Hey guys! I’m currently heading towards the end of my finals season in UBC, which means I’ll be leaving Canada in just over two weeks! I’ve wanted to live in Vancouver for many years and I’m happy to report that this place lived up to all my expectations! Looking back on my time here, I thought it’d be useful to share some things I’d recommend bringing (and not bringing) on your exchange at UBC!
- Waterproof hiking boots – In Vancouver it tends to get a little bit wet during the winter months. Having a nice pair of waterproof boots will keep your feet warm and dry while walking between classes, and they’ll double as hiking shoes for trails up in the mountains! Don’t be that person putting themselves in danger on a slippery, rocky hiking trail by wearing running shoes!
- A good rain jacket or a ski jacket – For similar reasons, having a good ski jacket will be very useful both for up in the mountains and staying dry around campus.
- Waterproof pants – For the same reasons above. Especially if you plan on cycling. Wet jeans aren’t a fun time!
- A credit card – I signed up for a credit card just before I left Auckland and I’m so glad I did! Some car rentals and hotels require a credit card (not a debit card) as a pre-authorisation. They also come in handy for renting ski gear, bikes etc. Having a credit card will also give you that peace of mind in case you forget to top up your account balance and your debit card declines (awkward!). I think most banks offer a fees-free credit card with their student package, so get amongst that. Just remember to pay if off in time!
- A travel card – I’m not a big fan of pre-loaded travel cards because, for regular purchases, I don’t think they offer better rates than your regular bank card. However, where these cards are very useful is for withdrawing cash from ATMs. Travel cards will typically allow you to do this for free, while if you use your New Zealand debit card it might cost you about $7 per withdrawal. Canada is better than the USA, but not quite as good as NZ, when it comes to accepting bank cards universally. So, it does still help to carry some cash with you just in case. Also, No-Frills (the cheapest supermarket closest to UBC) only accepts Mastercard or cash, so bear that in mind.
- A travel power adapter and a NZ multi-board – Travel hack 101: Bring a NZ multi-board with you and charge all your devices with just a single power adapter. Boom!
- A headlamp – During winter the sun sets at about 4pm. Having a headtorch is really useful for hiking, running or cycling in the dark!
- Some thermal base layers – Polyprop or merino base layers are great at keeping you warm (even when it’s wet), wick moisture away from your body, weigh very little and take up next to no space. These are a no brainer. Don’t forget thermal pants!
- Food from home – I was pleasantly surprised by how much New Zealand (and English) food I could buy in Canada. Whittaker’s chocolate and Tim Tams are both available at Save on Foods on campus. In fact, Whittaker’s chocolate is actually cheaper here than it is back in NZ! However, I haven’t seen any Milo yet!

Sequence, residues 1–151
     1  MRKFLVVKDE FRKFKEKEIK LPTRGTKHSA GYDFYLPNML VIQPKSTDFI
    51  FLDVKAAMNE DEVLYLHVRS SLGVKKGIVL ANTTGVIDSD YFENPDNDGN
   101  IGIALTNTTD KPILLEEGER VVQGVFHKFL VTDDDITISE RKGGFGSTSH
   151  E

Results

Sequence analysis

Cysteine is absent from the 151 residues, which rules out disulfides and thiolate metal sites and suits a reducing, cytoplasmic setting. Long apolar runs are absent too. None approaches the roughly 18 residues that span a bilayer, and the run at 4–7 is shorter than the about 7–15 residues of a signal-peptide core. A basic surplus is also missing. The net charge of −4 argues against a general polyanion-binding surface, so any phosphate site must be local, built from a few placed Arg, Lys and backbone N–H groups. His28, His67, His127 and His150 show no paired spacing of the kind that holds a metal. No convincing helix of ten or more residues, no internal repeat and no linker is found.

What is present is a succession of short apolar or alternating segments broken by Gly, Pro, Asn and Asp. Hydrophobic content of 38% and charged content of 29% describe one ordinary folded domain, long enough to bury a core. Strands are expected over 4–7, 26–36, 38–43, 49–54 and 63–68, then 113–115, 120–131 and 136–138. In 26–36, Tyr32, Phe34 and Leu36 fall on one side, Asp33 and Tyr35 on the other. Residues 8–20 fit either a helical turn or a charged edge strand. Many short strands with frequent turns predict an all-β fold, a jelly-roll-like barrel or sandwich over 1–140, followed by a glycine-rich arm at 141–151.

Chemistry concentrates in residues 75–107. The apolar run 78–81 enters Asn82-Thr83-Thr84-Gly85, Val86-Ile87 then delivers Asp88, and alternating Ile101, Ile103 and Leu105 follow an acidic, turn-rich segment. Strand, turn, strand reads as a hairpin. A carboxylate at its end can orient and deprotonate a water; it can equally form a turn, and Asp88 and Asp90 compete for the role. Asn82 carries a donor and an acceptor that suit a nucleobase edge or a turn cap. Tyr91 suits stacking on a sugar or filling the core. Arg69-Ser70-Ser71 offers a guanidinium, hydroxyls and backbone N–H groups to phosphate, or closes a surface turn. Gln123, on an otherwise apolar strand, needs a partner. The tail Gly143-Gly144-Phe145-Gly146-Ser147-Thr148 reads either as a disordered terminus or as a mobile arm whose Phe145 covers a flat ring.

- Stationery – Get that stuff here! There is a Staples on campus (similar to Warehouse Stationery) that has everything you need
- Bedding – Again, just buy it here! Go to a thrift store or Ikea or see if any outgoing exchange students are selling!
- Kitchen appliances – These probably won’t work here anyway (since the voltages are different).
- Lots of hoodies and jumpers – Around Vancouver and UBC I’ve pretty much adopted a three system: A t-shirt, a merino jumper and a rain jacket on top. This way, I just wear a fresh t-shirt every day and keep the outer layers clean! This saves heaps on laundry and meant I had to pack a lot less (since these are typically quite bulky items). I don’t have a huge wardrobe to choose from, but who cares? You’re on exchange! Anything you can also use as a mid-layer for skiing would be a smart choice!
I thought about including ski/snowboard equipment on this list but I couldn’t quite decide. I think that’ll depend on how much skiing you plan on doing here, how good your gear is back home, whether you’ll be travelling before, what your airline’s luggage policy is etc etc. Personally, I didn’t bring my ski gear with me and I’m happy I didn’t. I’ve found renting to be a much better solution for me!
Anyway, it’s been a wonderful time at UBC and I can’t say enough good things about Vancouver, British Columbia and Canada in general. I’ll be very sad to leave, and I can’t wait to come back some day (maybe on a more permanent basis next time?).
I still have one more blog post to write, by which time I’ll be back in New Zealand. So that’ll be a good chance for me to reflect on a lot of the things I liked and disliked about my exchange!
Until next time!